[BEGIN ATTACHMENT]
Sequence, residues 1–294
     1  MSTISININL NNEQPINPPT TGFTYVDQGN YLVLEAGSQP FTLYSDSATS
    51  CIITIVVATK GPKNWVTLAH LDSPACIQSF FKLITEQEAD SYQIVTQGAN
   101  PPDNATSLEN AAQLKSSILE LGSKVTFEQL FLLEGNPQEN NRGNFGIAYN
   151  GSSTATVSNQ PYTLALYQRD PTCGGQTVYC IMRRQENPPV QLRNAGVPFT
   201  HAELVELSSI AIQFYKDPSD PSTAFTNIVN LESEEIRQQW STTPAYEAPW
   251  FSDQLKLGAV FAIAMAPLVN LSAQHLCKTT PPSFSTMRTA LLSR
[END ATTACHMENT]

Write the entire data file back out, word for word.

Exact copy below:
Sequence, residues 1–294
     1  MSTISININL NNEQPINPPT TGFTYVDQGN YLVLEAGSQP FTLYSDSATS
    51  CIITIVVATK GPKNWVTLAH LDSPACIQSF FKLITEQEAD SYQIVTQGAN
   101  PPDNATSLEN AAQLKSSILE LGSKVTFEQL FLLEGNPQEN NRGNFGIAYN
   151  GSSTATVSNQ PYTLALYQRD PTCGGQTVYC IMRRQENPPV QLRNAGVPFT
   201  HAELVELSSI AIQFYKDPSD PSTAFTNIVN LESEEIRQQW STTPAYEAPW
   251  FSDQLKLGAV FAIAMAPLVN LSAQHLCKTT PPSFSTMRTA LLSR